The Constitution has seen better days.So begins a provocative article in The New York Times (6-Feb-12). Until the 1980s, democratic constitutions around the world were more similar to that of the United States than not. That has changed. Newer constitutions tend to protect more rights, are easier to change, and are replaced periodically. That makes the U.S version as poor a model for a new constitution as using Windows 3.1 to inspire the development of a modern operating system.
The U.S. Constitution Is Yesterday’s News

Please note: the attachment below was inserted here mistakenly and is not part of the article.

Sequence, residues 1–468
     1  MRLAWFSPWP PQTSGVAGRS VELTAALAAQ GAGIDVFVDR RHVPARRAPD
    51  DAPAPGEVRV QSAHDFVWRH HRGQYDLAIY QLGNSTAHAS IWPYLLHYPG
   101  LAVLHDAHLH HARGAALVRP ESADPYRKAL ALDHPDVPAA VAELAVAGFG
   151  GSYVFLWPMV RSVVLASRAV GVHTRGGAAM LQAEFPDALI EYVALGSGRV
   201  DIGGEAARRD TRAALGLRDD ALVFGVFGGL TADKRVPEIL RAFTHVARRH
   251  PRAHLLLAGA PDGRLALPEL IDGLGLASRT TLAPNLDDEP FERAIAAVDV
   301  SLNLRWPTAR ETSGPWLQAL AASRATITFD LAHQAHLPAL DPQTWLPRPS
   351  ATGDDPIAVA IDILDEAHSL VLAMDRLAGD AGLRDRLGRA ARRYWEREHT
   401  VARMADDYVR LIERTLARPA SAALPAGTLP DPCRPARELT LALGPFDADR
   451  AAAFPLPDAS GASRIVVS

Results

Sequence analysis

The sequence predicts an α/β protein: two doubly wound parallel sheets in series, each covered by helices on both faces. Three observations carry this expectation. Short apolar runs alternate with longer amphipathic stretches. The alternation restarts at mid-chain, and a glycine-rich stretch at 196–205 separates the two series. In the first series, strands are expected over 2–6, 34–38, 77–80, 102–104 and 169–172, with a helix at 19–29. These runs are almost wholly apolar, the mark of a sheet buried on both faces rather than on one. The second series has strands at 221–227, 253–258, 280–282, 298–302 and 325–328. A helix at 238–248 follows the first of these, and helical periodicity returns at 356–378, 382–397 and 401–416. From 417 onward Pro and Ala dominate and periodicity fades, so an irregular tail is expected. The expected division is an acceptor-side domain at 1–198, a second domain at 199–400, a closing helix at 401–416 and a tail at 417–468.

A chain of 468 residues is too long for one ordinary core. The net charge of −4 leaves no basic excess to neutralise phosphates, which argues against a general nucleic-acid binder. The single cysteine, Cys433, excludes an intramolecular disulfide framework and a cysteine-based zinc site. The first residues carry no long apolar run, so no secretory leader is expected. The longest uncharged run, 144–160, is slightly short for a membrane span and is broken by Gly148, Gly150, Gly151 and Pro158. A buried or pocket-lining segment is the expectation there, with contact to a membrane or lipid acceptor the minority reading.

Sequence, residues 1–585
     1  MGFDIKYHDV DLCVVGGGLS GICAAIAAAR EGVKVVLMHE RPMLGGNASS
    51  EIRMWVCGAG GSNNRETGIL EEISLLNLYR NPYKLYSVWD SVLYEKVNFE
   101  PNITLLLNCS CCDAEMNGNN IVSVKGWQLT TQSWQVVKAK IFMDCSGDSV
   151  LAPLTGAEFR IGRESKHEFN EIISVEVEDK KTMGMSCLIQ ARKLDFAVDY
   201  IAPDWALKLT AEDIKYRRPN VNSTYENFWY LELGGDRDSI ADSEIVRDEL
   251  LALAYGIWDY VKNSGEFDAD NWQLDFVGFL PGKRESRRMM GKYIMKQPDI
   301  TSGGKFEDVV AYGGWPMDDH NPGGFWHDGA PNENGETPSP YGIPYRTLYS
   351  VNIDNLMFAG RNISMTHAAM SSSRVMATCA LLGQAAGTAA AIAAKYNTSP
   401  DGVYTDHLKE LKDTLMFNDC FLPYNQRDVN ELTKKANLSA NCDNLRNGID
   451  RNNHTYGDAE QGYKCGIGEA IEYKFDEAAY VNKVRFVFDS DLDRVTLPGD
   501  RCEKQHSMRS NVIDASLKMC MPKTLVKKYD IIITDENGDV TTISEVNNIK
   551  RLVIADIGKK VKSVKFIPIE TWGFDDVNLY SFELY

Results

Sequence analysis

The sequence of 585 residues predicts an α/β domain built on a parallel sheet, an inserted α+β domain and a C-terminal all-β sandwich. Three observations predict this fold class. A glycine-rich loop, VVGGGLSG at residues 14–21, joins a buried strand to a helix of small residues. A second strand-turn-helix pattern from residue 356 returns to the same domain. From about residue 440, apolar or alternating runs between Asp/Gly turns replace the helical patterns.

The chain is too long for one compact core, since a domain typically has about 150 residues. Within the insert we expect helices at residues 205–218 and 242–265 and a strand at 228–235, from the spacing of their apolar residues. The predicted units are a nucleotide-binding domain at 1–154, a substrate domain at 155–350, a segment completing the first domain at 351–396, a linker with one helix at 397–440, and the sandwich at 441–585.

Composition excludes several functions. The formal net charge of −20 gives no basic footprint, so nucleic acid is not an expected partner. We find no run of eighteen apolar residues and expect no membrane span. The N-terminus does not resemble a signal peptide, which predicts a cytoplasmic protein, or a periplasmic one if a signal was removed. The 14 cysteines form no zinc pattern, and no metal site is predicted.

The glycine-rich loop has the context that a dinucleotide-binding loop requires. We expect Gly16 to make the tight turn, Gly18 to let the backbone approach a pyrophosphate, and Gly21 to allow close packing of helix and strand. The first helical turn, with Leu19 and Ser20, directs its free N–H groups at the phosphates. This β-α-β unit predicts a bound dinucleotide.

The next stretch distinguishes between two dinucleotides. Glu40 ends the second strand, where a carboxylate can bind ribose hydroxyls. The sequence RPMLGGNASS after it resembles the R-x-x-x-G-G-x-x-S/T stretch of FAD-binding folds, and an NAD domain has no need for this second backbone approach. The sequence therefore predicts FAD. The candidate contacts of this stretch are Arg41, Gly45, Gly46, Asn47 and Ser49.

Jefferson biographers express astonishment that the apprenticeship with Wythe lasted five full years, 1762 - 67, at a time when almost no one studied law for more than two. Patrick Henry studied
not more than six weeks, or so at least he told Jefferson, and Wythe for one was so convinced of the inadequacy of Henry’s training he refused to sign his license. Jefferson’s years under Wythe, years of virtually uninterrupted reading, not only in the law but also in ancient classics, English literature, and general political philosophy, were not so much an apprenticeship for law as an apprenticeship for greatness.